Three years and nine months after his election, the first pope from the Americas continues to set a relentless pace as he reaches a milestone at which cardinals are ushered into semi-retirement.
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Francis has not ruled out following the historic example of his predecessor Benedict XVI, who retired, exhausted, in 2013.
But there is no suggestion that could happen soon.
Like almost every other day of his papacy, Saturday will be a working day for the holiday-phobic Francis: morning mass with cardinals followed by meetings with the Maltese president and a top Vatican official.
In the cerebral Benedict's place, Francis has brought an upbeat Latin tempo, a strong work ethic and the asceticism of a Jesuit missionary to the role of leading the world's largest church.
This will be the fourth birthday the former bishop of Buenos Aires has celebrated in the modest St Martha's boarding house he has made his home inside the Vatican's walls.
The world's 1.2 billion Catholics are, by now, used to the face Francis displays to the world.
More often than not it is one lit up by a crinkly-eyed, double-chinned smile, at official audiences and meet-and-greets where he displays his ease with people from all walks of life.
There are signs of fatigue, natural for a man of his age who lost part of a lung in his youth, and the occasional grimace bears witness to the sciatic pain that is a near constant companion.
Sometimes his features darken, usually indicating he is addressing issues dear to his heart: Europe's indifference to migrants drowning in the Mediterranean, the humiliation of the poor or, most recently, the destructive power of agri-business.
Born into a family of Italian heritage on December 16, 1936, Jorge Bergoglio became the 266th pope when he was elected on March 13, 2013. From the off he seemed like a man in a hurry. Several times he has implied he does not think he will be around for long.
He said he wanted "a poor church, for the poor". And more broadly his mission has been to recast the church as a compassionate institution, one that seeks to help believers with daily difficulties.
His first Jubilee year was dedicated to the theme of mercy, a quality Francis believes should be at the core of the church's work, rather than reflexes of condemnation and judgement.
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Faced with opposition, in the hierarchy and on the ground in the developing world, Francis has arguably made little headway in reshaping Catholic teaching. On vexed issues such as cohabitation and attitudes to homosexual or divorced believers in the church, reviews have ended with ambiguous conclusions that infuriated conservatives and disappointed radicals.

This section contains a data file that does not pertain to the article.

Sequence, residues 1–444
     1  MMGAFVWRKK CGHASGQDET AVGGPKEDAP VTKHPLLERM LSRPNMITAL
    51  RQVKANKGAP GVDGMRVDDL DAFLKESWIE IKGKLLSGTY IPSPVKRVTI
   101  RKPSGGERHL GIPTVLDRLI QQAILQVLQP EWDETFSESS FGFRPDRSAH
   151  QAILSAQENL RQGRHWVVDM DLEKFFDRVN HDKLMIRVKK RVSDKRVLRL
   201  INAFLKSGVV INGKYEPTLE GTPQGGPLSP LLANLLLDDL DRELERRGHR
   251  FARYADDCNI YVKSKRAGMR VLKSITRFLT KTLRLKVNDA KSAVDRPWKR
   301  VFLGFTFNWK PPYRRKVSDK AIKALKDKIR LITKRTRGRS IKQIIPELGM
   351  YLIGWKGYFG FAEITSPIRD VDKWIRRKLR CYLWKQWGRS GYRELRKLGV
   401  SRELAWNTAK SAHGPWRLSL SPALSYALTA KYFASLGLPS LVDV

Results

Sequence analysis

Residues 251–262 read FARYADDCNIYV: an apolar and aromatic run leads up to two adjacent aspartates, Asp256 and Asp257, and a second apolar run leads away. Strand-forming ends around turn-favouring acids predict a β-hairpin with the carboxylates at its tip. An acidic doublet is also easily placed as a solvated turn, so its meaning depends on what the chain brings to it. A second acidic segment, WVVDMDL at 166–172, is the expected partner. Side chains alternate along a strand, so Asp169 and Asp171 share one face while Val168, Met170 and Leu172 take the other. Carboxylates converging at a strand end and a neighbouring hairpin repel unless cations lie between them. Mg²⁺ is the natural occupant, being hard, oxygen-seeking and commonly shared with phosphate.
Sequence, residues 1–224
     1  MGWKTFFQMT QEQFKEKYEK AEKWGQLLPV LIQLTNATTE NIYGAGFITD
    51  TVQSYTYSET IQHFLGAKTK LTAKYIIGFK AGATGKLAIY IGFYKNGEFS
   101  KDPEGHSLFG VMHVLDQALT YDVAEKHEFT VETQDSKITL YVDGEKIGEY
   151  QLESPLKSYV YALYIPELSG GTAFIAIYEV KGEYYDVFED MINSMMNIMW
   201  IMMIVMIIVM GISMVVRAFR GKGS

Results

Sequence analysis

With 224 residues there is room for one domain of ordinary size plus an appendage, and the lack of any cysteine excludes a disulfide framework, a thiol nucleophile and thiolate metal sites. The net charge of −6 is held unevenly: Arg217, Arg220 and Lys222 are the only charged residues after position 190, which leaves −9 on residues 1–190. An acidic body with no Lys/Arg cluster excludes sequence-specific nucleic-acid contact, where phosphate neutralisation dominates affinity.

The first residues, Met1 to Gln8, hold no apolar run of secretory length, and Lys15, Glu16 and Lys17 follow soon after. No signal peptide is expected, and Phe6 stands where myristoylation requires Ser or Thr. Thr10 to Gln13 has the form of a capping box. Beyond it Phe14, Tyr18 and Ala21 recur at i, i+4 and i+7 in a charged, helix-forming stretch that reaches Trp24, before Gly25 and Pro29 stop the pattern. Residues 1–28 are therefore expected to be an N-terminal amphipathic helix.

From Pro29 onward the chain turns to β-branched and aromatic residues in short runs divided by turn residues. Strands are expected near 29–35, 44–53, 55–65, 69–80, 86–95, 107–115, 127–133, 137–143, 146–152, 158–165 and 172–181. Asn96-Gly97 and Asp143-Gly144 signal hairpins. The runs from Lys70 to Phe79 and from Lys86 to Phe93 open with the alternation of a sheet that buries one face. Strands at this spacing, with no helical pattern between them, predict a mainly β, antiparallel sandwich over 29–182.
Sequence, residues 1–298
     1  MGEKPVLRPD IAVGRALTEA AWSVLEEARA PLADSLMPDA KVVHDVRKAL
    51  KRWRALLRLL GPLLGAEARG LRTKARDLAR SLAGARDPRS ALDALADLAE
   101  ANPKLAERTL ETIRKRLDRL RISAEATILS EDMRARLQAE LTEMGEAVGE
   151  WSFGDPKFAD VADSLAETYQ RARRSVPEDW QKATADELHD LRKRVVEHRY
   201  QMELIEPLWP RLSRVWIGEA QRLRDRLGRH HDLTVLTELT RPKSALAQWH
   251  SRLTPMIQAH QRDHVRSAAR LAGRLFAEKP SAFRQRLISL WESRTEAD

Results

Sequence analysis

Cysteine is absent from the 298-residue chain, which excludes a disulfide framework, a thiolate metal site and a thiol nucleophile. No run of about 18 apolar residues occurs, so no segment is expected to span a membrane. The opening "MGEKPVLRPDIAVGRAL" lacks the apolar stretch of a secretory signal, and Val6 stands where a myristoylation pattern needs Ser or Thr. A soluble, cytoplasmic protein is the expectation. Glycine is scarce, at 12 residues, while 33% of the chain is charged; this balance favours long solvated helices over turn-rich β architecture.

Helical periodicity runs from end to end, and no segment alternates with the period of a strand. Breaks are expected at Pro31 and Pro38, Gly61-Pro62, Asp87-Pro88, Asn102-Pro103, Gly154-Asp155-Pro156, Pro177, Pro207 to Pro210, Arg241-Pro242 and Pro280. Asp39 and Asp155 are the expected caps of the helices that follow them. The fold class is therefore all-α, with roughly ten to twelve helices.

But the mood music has undeniably changed.
"Who am I to judge?" Francis asked when asked for his views on homosexuality, long seen as a disorder by the church.
Authorization to priests to absolve women who confess to having had abortions, a Jubilee initiative, has been extended indefinitely.
'Church is field hospital''
Bishops can now grant remarried divorcees communion on a case-by-case basis.
And the church recognizes that cohabiting couples might legitimately be prevented from marrying because of financial barriers.
Francis has also recognized the "erotic dimension of love" as a gift from God, while simultaneously trying to move Catholicism away from its obsession with sex.
And, by agreeing to examine the role of female deacons in early Christianity, some see Francis as having opened a door to the possibility of women clergy.
Pragmatic reformer rather than revolutionary, is a common assessment of the soon-to-be octogenarian.
"For him, the church is a field hospital, not a customs barrier," says Italian Vatican expert Marco Politi. "But he has not touched doctrine. He is not a progressive in that sense."
Marco Tosatti, another Vatican watcher, says Francis has "sown a lot of confusion inside the church".
"He's a journalists' pope. He's given the church a friendlier, lighter image. But summer sales do not attract new customers. The traditional Protestant churches tried adapting to the modern world and look at them: there's nobody left."
Politi says conservatives are biding their time.
"The goal is not a coup but to lay the groundwork for the eventual successor. Like the Tea Party that spent its time sabotaging Obama and found it was worthwhile when Trump was elected."
By Angus MacKinnon and Catherine Marciano